Harry S. Truman is born in Lamar, Missouri.
The Trumans move to 619 Crysler Street in Independence, Missouri. Young Harry meets Bess Wallace for the first time in First Presbyterian Church's Sunday School.
President William McKinley is assassinated. Vice President Theodore Roosevelt assumes the presidency.
Truman takes a job as a clerk for the National Bank of Commerce in Kansas City, Missouri.
Truman works as a bookkeeper for the Union National Bank in Kansas City, Missouri.
Truman serves in Battery B of the Missouri National Guard. He enters as a private, but is soon promoted to corporal.
To help out his parents and his brother, Vivian, Truman moves to the 600-acre family farm near Grandview, Missouri and helps them manage and operate it.
Truman begins courting Bess Wallace.
Woodrow Wilson is elected President.
Truman's father dies.
The British steamship Lusitania is sunk by a German submarine off the coast of Ireland. The event will lead the United States to declare war on Germany.
Truman helps organize an oil-drilling company, later named the Morgan Oil and Refining Company, and invests $10,000 in it, managing perhaps to break even before the company is dissolved in 1919.
Truman is sworn into regular army service as a member of 129th Field Artillery regiment.
The U.S. enters World War I as President Wilson declares war on Germany.
Truman arrives in Brest, France, on board U.S.S. George Washington.
A month later, Truman is promoted to captain, although he will not receive official notification until October.
Truman is assigned command of Battery D, 129th Field Artillery regiment, 35th Division. The battery is composed of 188 men, 167 horses, and a complement of French-designed 75mm guns.
Truman engages in his first combat operation in the Vosges Mountains.
World War I ends.
The 18th Amendment is ratified, forbidding the manufacture, sale, import or export of liquor in the United States, and beginning the period known as Prohibition.
Truman is discharged from the army.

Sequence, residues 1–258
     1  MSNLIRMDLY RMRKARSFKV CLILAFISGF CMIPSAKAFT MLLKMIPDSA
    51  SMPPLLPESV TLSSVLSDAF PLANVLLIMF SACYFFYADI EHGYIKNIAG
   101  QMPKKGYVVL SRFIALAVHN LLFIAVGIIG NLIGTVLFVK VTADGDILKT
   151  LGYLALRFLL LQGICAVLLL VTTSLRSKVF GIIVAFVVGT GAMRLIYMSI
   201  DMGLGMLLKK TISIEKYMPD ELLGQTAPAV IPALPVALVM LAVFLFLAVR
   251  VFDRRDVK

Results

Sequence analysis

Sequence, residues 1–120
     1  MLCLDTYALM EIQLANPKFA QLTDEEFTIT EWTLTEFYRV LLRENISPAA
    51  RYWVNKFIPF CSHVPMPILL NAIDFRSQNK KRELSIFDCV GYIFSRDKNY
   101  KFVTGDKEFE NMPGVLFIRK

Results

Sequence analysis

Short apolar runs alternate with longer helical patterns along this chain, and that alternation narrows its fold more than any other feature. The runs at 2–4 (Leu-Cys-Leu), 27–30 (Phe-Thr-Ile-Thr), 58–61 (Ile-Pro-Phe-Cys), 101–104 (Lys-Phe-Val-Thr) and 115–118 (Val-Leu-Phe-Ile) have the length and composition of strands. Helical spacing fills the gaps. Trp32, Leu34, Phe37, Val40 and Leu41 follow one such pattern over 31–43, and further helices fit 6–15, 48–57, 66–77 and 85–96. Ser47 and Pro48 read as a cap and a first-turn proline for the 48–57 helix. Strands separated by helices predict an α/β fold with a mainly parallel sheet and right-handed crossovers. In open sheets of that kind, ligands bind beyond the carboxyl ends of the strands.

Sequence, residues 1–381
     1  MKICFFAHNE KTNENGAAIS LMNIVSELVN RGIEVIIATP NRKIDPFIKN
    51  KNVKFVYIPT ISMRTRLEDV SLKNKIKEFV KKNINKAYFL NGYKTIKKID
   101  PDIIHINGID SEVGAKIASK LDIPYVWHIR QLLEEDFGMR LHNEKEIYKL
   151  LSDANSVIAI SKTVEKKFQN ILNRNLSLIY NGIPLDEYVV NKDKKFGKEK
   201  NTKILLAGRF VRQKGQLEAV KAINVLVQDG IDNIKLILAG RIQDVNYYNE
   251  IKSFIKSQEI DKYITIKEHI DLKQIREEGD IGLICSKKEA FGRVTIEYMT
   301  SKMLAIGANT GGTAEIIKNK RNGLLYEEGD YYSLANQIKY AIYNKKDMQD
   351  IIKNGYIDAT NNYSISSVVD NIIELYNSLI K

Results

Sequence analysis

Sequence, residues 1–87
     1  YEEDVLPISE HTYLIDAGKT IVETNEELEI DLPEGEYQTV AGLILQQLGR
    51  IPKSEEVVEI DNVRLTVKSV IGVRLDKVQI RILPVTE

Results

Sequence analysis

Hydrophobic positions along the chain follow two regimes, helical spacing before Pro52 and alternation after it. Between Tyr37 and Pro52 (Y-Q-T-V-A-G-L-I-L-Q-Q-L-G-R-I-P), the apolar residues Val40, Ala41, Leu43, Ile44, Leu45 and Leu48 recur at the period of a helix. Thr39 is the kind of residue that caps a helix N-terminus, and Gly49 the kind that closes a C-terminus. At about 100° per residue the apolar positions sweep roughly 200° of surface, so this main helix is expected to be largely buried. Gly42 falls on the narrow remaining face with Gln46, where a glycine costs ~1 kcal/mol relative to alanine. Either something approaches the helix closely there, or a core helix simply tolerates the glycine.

Harry Truman and Elizabeth (Bess) Virginia Wallace are wed at the bride's church, Trinity Episcopal, in Independence, Missouri, and move to 219 N. Delaware Street in Independence, the residence of Truman's mother-in-law, Madge Gates Wallace.
Truman opens a men's haberdashery store, in partnership with Edward Jacobson, at 104 West 12th Street, Kansas City, Missouri.
Truman is appointed major in Field Artillery, Officers Reserve Corps.
Women win the battle for suffrage with the ratification of the 19th Amendment.
The haberdashery business fails as a result of a business recession, but Truman refuses to file a petition of bankruptcy. He pays off his share of the firm's debts during the ensuing fifteen years.
With the endorsement of county Democratic party leader T. J. Pendergast, Truman wins election as an eastern judge on the Jackson County Court, an executive body that administers affairs of the county.
Truman attends the Kansas City School of Law.
Defeated for reelection by Henry Rummel, Truman faces the only electoral loss he will ever experience.
Truman is elected presiding judge of the Jackson County Court.
Truman is sworn in as presiding judge of the Jackson County Court. He will serve two four-year terms, through 1934.
Franklin D. Roosevelt is elected president.
Adolf Hitler becomes chancellor of Germany.
Truman files as a Democratic candidate for the U. S. Senate.
Truman defeats incumbent Republican Roscoe C. Patterson by 262,000 votes.
Along with 12 other new Democratic senators, Truman is sworn in as U.S. Senator.
Germany invades Poland.
Truman launches his reelection campaign in Sedalia, Missouri.
The mortgage on the Truman farm near Grandview is foreclosed -- Truman's mother, Martha Ellen Truman, and sister Mary Jane move to town. (The family farm will be purchased by Truman friends and sold back to the Truman family several years later.)
Truman wins the Democratic senatorial primary election, garnering 268,557 votes.
The Transportation Act of 1940, also known as the Wheeler-Truman Act, is signed by President Roosevelt.
The Japanese attack the U.S. fleet at Pearl Harbor, Hawaii. The nation enters into World War II.
Truman speaks at the ceremony launching the battleship U.S.S.Missouri. His daughter Margaret christens the ship with a bottle of champagne.
Truman is selected as one of the ten most useful officials in Washington, D.C. in a poll of 52 correspondents conducted by Look magazine.
The Allies invade Normandy, France.
Truman is nominated for the office of vice-president at the Democratic National Convention, Chicago, Illinois.
Truman launches his vice-presidential campaign at his birthplace, Lamar, Missouri.
Truman begins an official campaign tour by railroad with a speech in New Orleans. He uses the railroad car "Henry Stanley."
Truman is elected vice president of the United States.
Harry Truman is sworn in as 33rd president of the United States upon the death of President Roosevelt.
Germany surrenders to the Allies.
Truman announces the end of the war in Europe via radio (V-E Day).
Truman attends a conference at Potsdam, Germany to discuss the post-war treatment of Germany with Premier Joseph Stalin of Russia and Prime Minister Winston Churchill of Great Britain. Churchill is replaced by Prime Minister Clement Attlee on 29 July.
My American Experience
Who is your favorite 20th-century American president? Was it FDR? Reagan? Clinton? Or one of the other 14 men who helped usher the United Sates through the 1900s? Who do you think was the most influential?